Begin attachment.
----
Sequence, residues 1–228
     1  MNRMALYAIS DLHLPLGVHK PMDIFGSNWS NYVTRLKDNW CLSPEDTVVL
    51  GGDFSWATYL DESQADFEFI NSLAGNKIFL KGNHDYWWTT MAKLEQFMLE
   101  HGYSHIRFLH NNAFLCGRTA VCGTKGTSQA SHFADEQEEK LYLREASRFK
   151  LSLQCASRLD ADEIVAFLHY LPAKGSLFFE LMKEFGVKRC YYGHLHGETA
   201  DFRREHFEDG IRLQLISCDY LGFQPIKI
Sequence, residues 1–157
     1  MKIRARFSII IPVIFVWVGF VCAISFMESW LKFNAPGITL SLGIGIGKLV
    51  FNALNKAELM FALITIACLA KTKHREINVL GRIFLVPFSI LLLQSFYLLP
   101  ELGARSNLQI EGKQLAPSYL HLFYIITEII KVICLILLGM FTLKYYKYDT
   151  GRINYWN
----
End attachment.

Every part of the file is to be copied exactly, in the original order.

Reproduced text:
Sequence, residues 1–228
     1  MNRMALYAIS DLHLPLGVHK PMDIFGSNWS NYVTRLKDNW CLSPEDTVVL
    51  GGDFSWATYL DESQADFEFI NSLAGNKIFL KGNHDYWWTT MAKLEQFMLE
   101  HGYSHIRFLH NNAFLCGRTA VCGTKGTSQA SHFADEQEEK LYLREASRFK
   151  LSLQCASRLD ADEIVAFLHY LPAKGSLFFE LMKEFGVKRC YYGHLHGETA
   201  DFRREHFEDG IRLQLISCDY LGFQPIKI
Sequence, residues 1–157
     1  MKIRARFSII IPVIFVWVGF VCAISFMESW LKFNAPGITL SLGIGIGKLV
    51  FNALNKAELM FALITIACLA KTKHREINVL GRIFLVPFSI LLLQSFYLLP
   101  ELGARSNLQI EGKQLAPSYL HLFYIITEII KVICLILLGM FTLKYYKYDT
   151  GRINYWN